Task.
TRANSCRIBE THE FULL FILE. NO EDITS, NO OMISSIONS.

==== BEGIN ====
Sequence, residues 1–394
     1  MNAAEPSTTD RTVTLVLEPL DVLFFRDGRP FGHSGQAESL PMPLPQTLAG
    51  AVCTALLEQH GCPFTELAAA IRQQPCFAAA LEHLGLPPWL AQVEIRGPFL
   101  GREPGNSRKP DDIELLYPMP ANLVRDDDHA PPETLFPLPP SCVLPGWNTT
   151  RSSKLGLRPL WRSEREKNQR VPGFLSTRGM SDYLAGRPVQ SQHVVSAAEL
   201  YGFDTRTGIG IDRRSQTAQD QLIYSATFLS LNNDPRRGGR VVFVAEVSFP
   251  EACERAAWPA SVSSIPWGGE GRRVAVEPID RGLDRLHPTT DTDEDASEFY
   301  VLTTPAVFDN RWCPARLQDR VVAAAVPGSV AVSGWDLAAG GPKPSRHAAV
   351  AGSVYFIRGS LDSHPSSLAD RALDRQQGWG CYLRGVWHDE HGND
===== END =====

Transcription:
Sequence, residues 1–394
     1  MNAAEPSTTD RTVTLVLEPL DVLFFRDGRP FGHSGQAESL PMPLPQTLAG
    51  AVCTALLEQH GCPFTELAAA IRQQPCFAAA LEHLGLPPWL AQVEIRGPFL
   101  GREPGNSRKP DDIELLYPMP ANLVRDDDHA PPETLFPLPP SCVLPGWNTT
   151  RSSKLGLRPL WRSEREKNQR VPGFLSTRGM SDYLAGRPVQ SQHVVSAAEL
   201  YGFDTRTGIG IDRRSQTAQD QLIYSATFLS LNNDPRRGGR VVFVAEVSFP
   251  EACERAAWPA SVSSIPWGGE GRRVAVEPID RGLDRLHPTT DTDEDASEFY
   301  VLTTPAVFDN RWCPARLQDR VVAAAVPGSV AVSGWDLAAG GPKPSRHAAV
   351  AGSVYFIRGS LDSHPSSLAD RALDRQQGWG CYLRGVWHDE HGND